The 'G' Word.
It's one of the most irritating emotions, so powerful that we'll do anything to avoid it and it can haunt us at any age.
If you haven't guessed by now what I'm referring to, let me prolong the suspense. It could be a trait inherited or learnt through modeling the behaviour of our care providers as well as being affected by their sometimes manipulative disciplining strategies. Some people might be the victim of all three and as they will tell you, the combination is lethal. The emotional or cognitive experience I'm tip toeing around here is guilt, our internal barometer of checks and balances, moral and pro social behaviour, and the relentless little voice that reminds us to call our relatives more often as well as stopping us from eating the 65th Maltesers. It's a feeling that's hard to describe; a plethora of 'I should've done something', 'should be doing something', or 'shouldn't have done something'.
Psychologists fascinated by guilt have tried to identify its function in our lives. The first step was to differentiate guilt from shame. Shame is a much more destructive and humiliating emotion and becomes more about who you are rather than what you did. Of course there's a certain degree of overlap between the two but researchers claim that guilt plays a vital role in guiding our social behaviour, while shame breaks us and cripples self confidence. That worried feeling in the pit of our stomach often serves as the force that moves us out of a particular situation or makes up for inappropriate behaviour. According to Jesse Erwin, 'the punitive feeling of guilt may keep you from repeating the same transgressive behaviour in the future, which psychologists call 'withdrawal motivation.' Conversely, some researchers view the function of guilt in a societal context, in that; it keeps people's behaviour in line with the moral standards of their community. This view emphasises a more positive emotional experience and is associated with 'approach motivation.''
If there's a justifiable reason for feeling guilty, such as if you've hurt someone or committed a crime, this emotion invites us to examine consequences, even if there are no external punitive measures. So what we have is an internal judge or referee that may not leave us alone until we've confronted the issue, fixed it and laid it to rest by admitting fault and apologising, for example.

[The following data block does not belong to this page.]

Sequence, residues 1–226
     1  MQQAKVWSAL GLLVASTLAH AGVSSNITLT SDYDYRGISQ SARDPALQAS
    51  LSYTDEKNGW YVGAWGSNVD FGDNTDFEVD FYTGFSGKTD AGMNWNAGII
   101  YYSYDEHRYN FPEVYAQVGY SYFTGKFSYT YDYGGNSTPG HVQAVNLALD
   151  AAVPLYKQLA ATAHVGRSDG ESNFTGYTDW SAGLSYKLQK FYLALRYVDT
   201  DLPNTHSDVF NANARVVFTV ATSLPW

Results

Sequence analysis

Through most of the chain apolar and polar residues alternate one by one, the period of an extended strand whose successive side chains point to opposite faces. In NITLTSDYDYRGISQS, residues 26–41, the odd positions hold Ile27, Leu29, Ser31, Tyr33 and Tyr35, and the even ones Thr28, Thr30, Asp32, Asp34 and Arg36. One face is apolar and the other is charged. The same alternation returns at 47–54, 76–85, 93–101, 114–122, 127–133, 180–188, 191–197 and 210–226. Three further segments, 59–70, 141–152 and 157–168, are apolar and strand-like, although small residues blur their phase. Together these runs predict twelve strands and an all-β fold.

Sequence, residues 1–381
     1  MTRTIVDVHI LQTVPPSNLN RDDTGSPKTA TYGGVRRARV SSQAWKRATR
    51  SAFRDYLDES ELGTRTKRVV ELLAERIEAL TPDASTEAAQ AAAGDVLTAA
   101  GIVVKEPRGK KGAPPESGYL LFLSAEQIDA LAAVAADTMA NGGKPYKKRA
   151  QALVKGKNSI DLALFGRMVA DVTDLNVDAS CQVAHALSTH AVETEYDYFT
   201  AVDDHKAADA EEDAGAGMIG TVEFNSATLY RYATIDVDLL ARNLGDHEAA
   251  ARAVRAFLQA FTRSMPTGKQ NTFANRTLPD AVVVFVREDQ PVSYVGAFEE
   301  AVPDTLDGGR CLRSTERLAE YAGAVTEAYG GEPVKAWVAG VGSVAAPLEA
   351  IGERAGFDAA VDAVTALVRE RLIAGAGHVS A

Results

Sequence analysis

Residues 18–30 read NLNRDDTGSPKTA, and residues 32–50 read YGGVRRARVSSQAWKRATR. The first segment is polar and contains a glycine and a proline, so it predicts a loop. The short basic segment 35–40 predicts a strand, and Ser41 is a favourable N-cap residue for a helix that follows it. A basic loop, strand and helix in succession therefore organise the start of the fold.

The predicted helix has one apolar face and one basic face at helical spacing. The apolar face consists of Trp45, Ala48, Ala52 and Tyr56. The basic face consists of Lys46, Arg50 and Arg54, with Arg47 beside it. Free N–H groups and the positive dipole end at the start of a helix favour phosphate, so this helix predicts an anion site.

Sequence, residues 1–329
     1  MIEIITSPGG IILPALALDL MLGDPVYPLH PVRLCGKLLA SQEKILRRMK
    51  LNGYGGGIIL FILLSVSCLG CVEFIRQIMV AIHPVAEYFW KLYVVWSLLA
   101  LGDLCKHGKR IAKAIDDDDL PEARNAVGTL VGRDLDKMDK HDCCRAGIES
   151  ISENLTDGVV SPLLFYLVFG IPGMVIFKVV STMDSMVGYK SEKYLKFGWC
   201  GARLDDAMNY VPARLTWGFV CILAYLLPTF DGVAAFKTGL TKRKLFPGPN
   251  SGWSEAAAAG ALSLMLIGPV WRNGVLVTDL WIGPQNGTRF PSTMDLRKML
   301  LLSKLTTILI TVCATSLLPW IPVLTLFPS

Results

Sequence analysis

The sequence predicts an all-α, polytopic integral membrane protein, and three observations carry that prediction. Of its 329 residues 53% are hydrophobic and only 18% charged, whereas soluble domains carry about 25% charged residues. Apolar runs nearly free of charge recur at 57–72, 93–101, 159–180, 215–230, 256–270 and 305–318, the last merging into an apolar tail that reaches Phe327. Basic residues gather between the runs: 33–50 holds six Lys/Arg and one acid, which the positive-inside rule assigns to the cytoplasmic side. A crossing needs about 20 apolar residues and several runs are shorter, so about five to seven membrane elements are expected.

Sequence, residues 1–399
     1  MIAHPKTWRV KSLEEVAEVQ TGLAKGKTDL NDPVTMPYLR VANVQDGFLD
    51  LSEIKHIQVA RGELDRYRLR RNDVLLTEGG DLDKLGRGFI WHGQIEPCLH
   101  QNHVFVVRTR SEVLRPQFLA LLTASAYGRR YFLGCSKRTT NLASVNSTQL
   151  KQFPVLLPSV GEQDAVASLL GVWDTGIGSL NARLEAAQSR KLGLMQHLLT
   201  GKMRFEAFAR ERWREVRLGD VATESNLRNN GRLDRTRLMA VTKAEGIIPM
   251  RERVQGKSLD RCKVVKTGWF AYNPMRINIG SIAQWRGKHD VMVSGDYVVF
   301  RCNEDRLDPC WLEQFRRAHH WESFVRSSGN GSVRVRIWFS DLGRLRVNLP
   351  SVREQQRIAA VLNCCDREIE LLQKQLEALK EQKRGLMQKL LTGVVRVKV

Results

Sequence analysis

But unfortunately many people walk around, imprisoned by their imaginary cell of should have's which can be exhausting, confusing and bad for their physical and mental health.
Here are some of the 'guilt gremlins' people wrestle with on a daily basis:
Time spent with children
Working and contributing to the household expenses
Should have studied harder in school
Shouldn't raise my voice
Should eat less/exercise more
Being too direct
Staying in touch with family
Taking care of parents
Relationship with in-laws
Spending time with friends
A close emotional cousin of guilt is resentment. If we don't do something, we feel guilty but if we do too much then we might end up feeling resentful. Resentment is failing to forgive or having unrealistic expectations, and guilt is failing to forgive yourself. The main difference here is that resentment is directed outwards while the other is directed inwards.
We also shouldn't mistake feeling worried with guilt. When we're worried about something, it's like a mental reminder, with emotions invested in it, that we need to do something. After we have completed that task, the worry and anxiety usually evaporate till the next time it needs to be repeated. However guilt doesn't evaporate; it looms over us like a contaminated poisonous fume that most people retain in their surrounding rather than finding a window to release it.
So what do we do to win the war with guilt? First, grab all the gremlins and capture everything you feel guilty about on a piece of paper. Next, rate your level of guilt for each. Sometimes when we give a numeric attribution to something, we realise that it's not that important so perhaps we shouldn't invest so much mental energy towards it. If it is important, you need to accept it has happened and learn from it. Once you've done this, you can consider the practical steps you're going to take to rectify it. By that I mean actually deciding if you need to call, send an email, go to the store, pay the bill or whatever it is that's constantly clutching at you. Just worrying about it is not going to make it go away. Finally, guilt can help keep us in line, as long as it's not about doing what we please and then cashing in our moral credits by just feeling guilty afterwards. It should work as a preventative device rather than a punitive one so that it's not a wasted emotion.
Samineh I Shaheem is an author, an assistant professor of psychology, currently lecturing in Dubai, as well as a cross-cultural consultant at HRI. She has studied and worked in different parts of the world, including the USA, Canada, UK, Netherlands, and the UAE. She co hosts a radio program (Psyched Sundays, Voices of Diversity 10-12pm) every Sunday morning on 103.8 FM Dubai Eye discussing the most relevant psychological issues in our community.
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